Position Paper for VRML '95

Getting Together in Cyberspace

Robert Rockwell, Ph.D.
Chief Scientist

blaxxun interactive
Mittererstr. 9, D-80336 Munich, Germany

Abstract. A central challenge to VR technology is the need to support social interaction in multi-user virtual environments. To meet this challenge, we will need to define semantic frameworks in terms of which people can convey to each other what they are up to. This paper considers some of the language/ control issues involved in "socializing" cyberspace, and the implications for an evolving online architecture of VR products, services, and construction tools.

The Problem. Human reality is profoundly social. If virtual reality is to become a recognizably human place to visit and work in, then it must support people who want to meet there and work together. Facilities for effective multi-user interaction will therefore be crucial to the future evolution of online virtual environments.

Existing online services provide only the most narrow of channels for human interaction: a thin pipeline of text, the occasional bit-mapped image. The growing availability of such higher-bandwidth channels as ISDN has encouraged a variety of alternative developments, including both audio and video links. But these are mostly seen as enhancements to the telephone, rather than as tools for building and operating persistent virtual worlds - their users remain conceptually at their real-world desks.

In contrast, while VR developers are rapidly expanding their ability to model and present complex virtual environments, most of current VR technology is insistently single-user: you can't fit two heads under most helmets! The few examples of (non-immersive) virtual meeting-places capture only a small fraction of the multiplex flow of human social interplay.

This is not surprising, since the tools currently available for building such services address only the simplest level of scene description and object behavior - the Virtual Reality Modelling Language (VRML) being a good example. Having agreed very quickly on a syntax for representing static scenes, its designers now confront the very much more difficult task of extending that syntax to include object behaviors, direct user manipulation, and interaction among multiple user-manipulated "avatars".

The lively discussion over what (not) to include in the next revision(s) of VRML is one indicator of how much information must be captured in any simulation of human social interplay. The sheer hours of talk-show time and pages of magazine space devoted to body talk and fashion statements, spin doctors and image makeovers, should serve as a warning: people have a lot going on when they interact. Human communication is not just multi-threaded, but multi-channel: lots of different (and not necessarily consistent) messages conveyed simultaneously in several media.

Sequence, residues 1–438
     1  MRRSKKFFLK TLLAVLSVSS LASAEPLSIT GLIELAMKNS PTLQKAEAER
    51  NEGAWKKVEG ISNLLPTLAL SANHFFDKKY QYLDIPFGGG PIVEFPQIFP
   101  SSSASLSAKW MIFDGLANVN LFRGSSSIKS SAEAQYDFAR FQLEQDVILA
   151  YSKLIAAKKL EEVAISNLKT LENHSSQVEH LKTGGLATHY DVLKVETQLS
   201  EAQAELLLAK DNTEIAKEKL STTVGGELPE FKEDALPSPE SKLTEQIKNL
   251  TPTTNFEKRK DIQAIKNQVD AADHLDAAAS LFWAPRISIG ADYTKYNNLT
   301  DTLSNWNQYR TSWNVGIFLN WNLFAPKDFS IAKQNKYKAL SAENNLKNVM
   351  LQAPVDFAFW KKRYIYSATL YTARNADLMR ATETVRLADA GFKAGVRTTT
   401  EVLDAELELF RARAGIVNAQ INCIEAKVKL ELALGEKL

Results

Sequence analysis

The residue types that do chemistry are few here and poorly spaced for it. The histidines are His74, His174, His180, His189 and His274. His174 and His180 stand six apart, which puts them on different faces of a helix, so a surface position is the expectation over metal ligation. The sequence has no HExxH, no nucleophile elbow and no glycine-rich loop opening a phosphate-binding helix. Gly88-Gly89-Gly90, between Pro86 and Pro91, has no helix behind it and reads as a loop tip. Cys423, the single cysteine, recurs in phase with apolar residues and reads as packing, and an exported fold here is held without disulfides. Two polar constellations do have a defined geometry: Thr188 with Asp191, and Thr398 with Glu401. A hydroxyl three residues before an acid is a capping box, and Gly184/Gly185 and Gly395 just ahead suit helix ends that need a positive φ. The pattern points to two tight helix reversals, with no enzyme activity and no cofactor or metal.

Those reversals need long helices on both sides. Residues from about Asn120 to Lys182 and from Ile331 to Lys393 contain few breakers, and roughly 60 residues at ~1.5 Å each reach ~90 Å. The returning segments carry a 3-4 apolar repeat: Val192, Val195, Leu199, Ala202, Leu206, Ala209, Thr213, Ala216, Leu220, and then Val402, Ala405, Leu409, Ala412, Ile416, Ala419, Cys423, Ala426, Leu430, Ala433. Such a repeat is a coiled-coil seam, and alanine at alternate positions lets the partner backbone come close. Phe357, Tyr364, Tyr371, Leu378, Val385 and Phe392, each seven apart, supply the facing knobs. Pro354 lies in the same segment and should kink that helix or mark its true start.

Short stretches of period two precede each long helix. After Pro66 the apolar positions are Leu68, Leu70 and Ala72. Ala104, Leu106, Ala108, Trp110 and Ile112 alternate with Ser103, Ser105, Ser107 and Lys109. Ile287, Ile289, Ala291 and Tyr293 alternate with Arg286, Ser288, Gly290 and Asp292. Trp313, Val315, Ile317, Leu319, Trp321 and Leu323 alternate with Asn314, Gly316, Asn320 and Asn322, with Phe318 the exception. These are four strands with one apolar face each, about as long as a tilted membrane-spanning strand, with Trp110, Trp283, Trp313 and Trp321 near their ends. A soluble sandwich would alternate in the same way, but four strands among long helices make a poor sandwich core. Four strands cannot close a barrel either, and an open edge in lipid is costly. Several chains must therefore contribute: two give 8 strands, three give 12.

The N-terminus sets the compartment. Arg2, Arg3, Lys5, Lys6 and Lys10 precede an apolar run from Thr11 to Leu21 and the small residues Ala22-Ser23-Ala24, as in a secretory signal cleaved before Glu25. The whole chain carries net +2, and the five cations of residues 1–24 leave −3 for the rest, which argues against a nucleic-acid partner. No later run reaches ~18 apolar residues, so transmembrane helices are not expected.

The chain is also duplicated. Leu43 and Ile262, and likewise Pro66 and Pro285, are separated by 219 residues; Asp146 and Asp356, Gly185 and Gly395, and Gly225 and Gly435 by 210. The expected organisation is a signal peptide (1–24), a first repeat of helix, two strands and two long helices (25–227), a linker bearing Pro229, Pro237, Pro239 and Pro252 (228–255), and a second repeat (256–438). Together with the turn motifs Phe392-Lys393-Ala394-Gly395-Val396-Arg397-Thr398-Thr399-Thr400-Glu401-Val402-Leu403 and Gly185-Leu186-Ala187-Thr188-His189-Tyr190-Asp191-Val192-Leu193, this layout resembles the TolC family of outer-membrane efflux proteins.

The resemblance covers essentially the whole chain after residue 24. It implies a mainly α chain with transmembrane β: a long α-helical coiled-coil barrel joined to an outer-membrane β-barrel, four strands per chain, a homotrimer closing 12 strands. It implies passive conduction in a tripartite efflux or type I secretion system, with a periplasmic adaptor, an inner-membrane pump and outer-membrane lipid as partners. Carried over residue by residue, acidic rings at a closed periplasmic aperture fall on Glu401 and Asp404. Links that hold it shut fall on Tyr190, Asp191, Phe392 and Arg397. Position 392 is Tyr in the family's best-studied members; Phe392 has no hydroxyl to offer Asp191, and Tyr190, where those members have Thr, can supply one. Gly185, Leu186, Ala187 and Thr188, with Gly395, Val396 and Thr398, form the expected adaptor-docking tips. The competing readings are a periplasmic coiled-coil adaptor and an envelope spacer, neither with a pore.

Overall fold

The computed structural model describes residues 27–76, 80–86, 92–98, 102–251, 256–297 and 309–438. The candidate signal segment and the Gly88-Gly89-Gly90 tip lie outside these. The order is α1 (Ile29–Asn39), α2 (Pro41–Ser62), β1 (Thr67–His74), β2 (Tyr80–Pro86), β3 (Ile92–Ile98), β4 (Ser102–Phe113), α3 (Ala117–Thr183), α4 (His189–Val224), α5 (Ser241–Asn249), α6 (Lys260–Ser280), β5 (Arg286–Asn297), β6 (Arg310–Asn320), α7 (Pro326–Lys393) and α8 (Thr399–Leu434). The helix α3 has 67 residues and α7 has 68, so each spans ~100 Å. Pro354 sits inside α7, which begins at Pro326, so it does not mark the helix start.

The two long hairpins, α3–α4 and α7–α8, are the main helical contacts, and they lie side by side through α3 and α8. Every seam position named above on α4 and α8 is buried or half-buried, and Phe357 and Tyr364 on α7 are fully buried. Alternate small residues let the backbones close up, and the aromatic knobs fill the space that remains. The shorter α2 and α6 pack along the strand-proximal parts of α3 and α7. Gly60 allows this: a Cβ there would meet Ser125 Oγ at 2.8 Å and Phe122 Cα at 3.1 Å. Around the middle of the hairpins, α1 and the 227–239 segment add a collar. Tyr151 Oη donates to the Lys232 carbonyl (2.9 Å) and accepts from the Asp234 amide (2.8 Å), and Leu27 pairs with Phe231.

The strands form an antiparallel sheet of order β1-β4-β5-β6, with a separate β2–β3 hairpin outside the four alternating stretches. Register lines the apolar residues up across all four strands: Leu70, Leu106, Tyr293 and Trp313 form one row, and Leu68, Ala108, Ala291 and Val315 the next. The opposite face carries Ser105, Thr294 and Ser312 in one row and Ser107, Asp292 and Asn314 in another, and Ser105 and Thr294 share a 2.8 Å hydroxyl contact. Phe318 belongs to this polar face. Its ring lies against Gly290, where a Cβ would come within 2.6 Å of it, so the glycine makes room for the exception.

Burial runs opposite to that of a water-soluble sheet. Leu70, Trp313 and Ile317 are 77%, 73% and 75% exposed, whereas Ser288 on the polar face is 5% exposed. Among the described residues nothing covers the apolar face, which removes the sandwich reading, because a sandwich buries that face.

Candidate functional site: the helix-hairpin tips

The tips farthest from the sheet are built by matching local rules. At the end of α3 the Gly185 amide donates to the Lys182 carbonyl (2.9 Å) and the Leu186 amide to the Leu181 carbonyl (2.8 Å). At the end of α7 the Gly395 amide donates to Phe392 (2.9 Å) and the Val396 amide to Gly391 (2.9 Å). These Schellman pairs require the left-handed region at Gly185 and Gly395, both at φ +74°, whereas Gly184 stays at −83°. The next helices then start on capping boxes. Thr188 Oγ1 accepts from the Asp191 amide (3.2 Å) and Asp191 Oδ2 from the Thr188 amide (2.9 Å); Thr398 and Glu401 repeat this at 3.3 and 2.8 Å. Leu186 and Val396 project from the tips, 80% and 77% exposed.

That is not to say that cyberspace encounters ought to be photo-realistic proxies for face-to-face meetings. (You don't have to read Dilbert to learn that "one of the best things about the Internet is that nobody knows you're a dog.") But it does suggest that the 'interactivity' issue now hovering on the horizon with VRML 2.0 involves rather more than finding the best syntax for telling an object to alter its relationship to other objects in a virtual world. What we need is a way to model how people relate: their gestures and explicit references, knowledge sharing and negotiation, context recognition and, occasionally, deliberate deception.

I submit that these sociocultural issues are central to the challenge of vr. Enabling people to communicate effectively when they encounter each other in virtual environments - which also means enabling them to capture and re-use the common understandings built up during such encounters - surely this is at the heart of the whole idea of "implementing cyberspace."

Online VR will be a success to the extent that it enables the (co-)evolution of cybercommunities: shared worlds that emerge out of the interplay among the people who meet in them. With that goal firmly in mind, this paper asks 2 questions:

Agreeing on the answers to these questions - or at least, agreeing what these questions mean, and that they are questions we need to answer - is a first step toward defining the requirements for a "VR toolkit" adequate to the design and construction of genuinely social virtual worlds.

What is an interaction? This is not the first time anyone has tried to answer this question. There is an enormous literature on social action (sociological, anthropological, philosophical), and there is an important line of computer science research which focuses on the role language plays in supporting (and constraining) people's social interaction [cf. W&F86 ]. Nodding gratefully in the direction of these esteemed ancestors (but leaving the detailed bibliography to the graduate students), let us consider the bare bones of what happens when to people engage in any social interaction:

Each of these interaction phases is accompanied by its own "protocol," in the sense that term is defined in the layered OSI metamodel for machine communication promulgated by the International Standards Organization [ISO]. We will want to consider that model more closely in a moment; but first, consider how moving from real to virtual space complicates these simple procedures.